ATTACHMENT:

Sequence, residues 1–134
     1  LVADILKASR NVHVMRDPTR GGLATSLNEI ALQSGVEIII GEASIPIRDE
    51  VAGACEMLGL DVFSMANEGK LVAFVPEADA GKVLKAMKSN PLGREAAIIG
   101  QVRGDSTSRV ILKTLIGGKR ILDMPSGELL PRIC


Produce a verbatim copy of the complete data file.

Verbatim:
Sequence, residues 1–134
     1  LVADILKASR NVHVMRDPTR GGLATSLNEI ALQSGVEIII GEASIPIRDE
    51  VAGACEMLGL DVFSMANEGK LVAFVPEADA GKVLKAMKSN PLGREAAIIG
   101  QVRGDSTSRV ILKTLIGGKR ILDMPSGELL PRIC